May Day: Labor’s moment is here!
At a time when the world continues to spiral from one crisis to another, with disruptive waves of the pandemic cascading into devastating fallouts of war and geo-political conflict, it is hard not to succumb to a deep pessimism. However, these difficult years have also seen heroic struggles, not least from the most precarious and vulnerable of workers at the frontlines of the platform economy.
As we approach May Day 2022, the DataSyn team invites you to join us in commemorating the hard-fought victories of labor movements, to take stock of where we stand and chart the way forward.
This month we have assembled a confluence of key voices from around the world – to reflect on the wider politico-economic conjunctures of labor in the digital economy. Moreover, drawing on our conversations and engagement with workers, policymakers, and scholars, we also have a commentary reflecting on some of the key faultlines of the struggle today.
The DataSyn Team
Towards New Labor Futures: Voices from the Frontlines
Bringing together 21 crucial voices from across the world, these inputs - from workers, activists, campaigners, and scholars at the frontier of labor’s struggles in the platform economy - reflect on what they see as the most significant developments and successes of recent years, the most pressing challenges they have encountered, and the most promising avenues and points of intervention for workers’ rights, as we move ahead.
Glass Half-full? Where the Fight for Worker Equity in the Digital Economy is Headed
Deepti Bharthur & Sreyan Chatterjee
Absorbing lessons from IT for Change’s own work in the labor domain, and culling from a series of insightful conversations around platform work that were recently undertaken as part of an upcoming podcast series on Bot Populi, Deepti Bharthur and Sreyan Chatterjee explore some of the prevailing issues of the digital economy’s labor movement.
The Sins and Synergies Lounge
The recent vote that saw Chris Smalls and the Amazon Labour Union successfully bring the company’s New York workers to form their first US union is one of the most historic labor victories of the year and a truly astonishing story. Read more in the New York Times about what led up to it, and where things are likely headed from here.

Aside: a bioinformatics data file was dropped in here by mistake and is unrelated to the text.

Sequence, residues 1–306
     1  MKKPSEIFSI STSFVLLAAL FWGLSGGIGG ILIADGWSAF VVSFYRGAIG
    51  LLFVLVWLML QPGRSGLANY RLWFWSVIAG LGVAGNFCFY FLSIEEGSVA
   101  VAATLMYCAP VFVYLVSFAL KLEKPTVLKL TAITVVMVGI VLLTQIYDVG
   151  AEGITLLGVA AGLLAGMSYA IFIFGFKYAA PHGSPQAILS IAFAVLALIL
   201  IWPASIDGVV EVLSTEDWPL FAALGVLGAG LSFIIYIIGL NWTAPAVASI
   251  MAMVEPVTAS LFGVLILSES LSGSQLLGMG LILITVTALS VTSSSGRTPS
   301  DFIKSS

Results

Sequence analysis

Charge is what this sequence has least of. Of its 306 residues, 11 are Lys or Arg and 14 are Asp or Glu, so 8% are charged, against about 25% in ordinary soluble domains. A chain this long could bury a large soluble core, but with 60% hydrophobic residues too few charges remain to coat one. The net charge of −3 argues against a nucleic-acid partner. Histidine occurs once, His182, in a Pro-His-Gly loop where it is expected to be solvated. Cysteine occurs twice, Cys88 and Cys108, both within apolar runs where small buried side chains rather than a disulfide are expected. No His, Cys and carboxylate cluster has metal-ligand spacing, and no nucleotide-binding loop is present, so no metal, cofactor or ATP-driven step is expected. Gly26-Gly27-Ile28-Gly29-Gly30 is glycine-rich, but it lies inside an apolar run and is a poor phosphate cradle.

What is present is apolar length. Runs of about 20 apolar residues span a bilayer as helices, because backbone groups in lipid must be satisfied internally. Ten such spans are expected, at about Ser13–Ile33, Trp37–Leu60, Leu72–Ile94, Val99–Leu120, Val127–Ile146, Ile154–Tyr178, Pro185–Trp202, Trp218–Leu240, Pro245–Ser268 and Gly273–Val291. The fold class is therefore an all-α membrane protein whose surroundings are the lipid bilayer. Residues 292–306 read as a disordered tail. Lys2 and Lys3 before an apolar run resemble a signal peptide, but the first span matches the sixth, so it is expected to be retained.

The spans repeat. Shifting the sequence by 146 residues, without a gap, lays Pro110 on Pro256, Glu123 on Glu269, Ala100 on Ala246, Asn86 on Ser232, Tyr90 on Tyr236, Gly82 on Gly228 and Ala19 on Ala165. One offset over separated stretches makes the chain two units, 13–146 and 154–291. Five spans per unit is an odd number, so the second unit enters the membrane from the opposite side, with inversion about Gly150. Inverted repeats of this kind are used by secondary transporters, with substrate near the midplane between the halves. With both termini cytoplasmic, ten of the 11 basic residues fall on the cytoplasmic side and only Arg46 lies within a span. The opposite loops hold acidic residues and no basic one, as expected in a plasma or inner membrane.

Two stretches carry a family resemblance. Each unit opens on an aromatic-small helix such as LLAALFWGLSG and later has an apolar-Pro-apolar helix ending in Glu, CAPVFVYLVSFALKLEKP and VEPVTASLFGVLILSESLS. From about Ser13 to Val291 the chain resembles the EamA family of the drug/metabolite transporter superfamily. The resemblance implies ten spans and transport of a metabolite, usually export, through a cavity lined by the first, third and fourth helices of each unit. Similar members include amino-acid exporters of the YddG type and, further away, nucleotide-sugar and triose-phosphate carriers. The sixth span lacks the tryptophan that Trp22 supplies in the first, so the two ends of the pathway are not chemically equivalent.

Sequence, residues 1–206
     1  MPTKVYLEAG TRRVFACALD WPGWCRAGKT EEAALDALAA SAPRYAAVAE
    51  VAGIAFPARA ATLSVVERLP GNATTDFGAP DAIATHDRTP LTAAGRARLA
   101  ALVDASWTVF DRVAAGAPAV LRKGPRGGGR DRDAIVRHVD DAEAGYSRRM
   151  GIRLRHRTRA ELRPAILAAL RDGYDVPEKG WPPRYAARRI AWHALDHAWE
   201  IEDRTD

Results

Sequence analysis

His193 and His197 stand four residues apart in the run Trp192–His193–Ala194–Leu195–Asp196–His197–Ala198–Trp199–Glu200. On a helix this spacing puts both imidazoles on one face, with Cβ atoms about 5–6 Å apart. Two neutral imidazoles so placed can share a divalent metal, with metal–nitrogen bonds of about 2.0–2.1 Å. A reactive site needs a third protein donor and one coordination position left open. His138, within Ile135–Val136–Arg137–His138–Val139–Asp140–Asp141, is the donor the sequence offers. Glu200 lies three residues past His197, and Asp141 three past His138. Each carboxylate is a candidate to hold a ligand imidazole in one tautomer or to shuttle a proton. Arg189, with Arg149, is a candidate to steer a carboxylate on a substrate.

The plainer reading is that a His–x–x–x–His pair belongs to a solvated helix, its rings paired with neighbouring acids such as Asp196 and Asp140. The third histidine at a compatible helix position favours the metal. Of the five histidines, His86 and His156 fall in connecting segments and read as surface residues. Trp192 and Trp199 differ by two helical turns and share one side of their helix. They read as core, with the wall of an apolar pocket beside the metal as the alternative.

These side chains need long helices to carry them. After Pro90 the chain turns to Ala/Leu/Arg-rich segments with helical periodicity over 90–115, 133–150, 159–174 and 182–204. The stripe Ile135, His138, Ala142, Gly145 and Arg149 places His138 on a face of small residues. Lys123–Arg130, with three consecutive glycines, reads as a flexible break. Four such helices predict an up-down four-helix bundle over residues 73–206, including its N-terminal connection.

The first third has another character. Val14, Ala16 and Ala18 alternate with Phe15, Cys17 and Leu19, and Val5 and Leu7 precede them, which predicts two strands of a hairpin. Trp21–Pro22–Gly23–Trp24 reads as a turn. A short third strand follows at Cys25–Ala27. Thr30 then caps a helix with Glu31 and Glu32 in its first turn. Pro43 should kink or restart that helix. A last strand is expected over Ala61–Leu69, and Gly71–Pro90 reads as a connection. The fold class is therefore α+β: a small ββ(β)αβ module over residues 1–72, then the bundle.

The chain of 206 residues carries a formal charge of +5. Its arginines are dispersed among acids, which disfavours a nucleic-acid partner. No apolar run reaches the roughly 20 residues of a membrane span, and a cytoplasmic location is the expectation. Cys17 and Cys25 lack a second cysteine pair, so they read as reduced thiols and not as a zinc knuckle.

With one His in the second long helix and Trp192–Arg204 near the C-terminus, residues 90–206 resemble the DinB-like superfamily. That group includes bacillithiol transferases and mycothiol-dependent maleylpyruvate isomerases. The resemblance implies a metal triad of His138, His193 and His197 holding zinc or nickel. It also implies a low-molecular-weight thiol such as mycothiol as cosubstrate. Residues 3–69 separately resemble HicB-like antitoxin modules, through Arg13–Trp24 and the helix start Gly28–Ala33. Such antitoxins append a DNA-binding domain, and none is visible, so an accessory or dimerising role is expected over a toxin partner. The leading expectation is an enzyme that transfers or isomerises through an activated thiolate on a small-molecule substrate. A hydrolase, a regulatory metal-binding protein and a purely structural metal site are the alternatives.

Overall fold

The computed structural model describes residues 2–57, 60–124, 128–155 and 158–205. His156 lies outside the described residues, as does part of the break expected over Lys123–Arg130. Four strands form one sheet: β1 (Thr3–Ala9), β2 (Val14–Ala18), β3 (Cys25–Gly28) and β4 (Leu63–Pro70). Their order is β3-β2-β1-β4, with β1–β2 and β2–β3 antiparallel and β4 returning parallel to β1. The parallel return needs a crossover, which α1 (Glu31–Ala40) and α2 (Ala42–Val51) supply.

Unlike the more long-standing fronts of struggle in sectors like ride-hailing and food delivery, domains of the platform economy such as domestic work and the beauty services sector are at a nascent yet absolutely crucial stage of organized resistance. Listen as Bama Atheya and Soumyarendra Barik reflect on the recent landmark strike by beauty care workers in India on this episode of The Gig podcast.
Growing inequality, worsening labor conditions and the persisting corrosion of the welfare state have called for a rethink of our social contract. However, what are the ingredients of the distorted social contract propagated by platform capitalism? Niels Van Doorn takes up an analysis of this vital question in the Internet Policy Review.
Progressive thought in recent years has increasingly attempted to conceive of a people-centric technological society as one that surmounts the oppressive dictates of ‘work’ itself. Anton Jager critically engages with these post-work imaginaries in the Jacobin.
What are some of the strategies and models that workers have been experimenting with to challenge the platform economy’s domineering imperatives? Explore this through an in-depth study by IT for Change that the International Labour Organization published last year.
As many of the Authors in this month’s issue have highlighted, the courts have been the site of some of the most significant victories for gig-workers in recent years. Now, there is potential for these to be further fortified by far-reaching legislative frameworks as well. Read as Aislinn Kelly-Lyth and Jeremias Adams-Prassl analyze the potential of the EU’s Proposed Platform Work Directive.
A DataSyn collaboration with Barabar Futures
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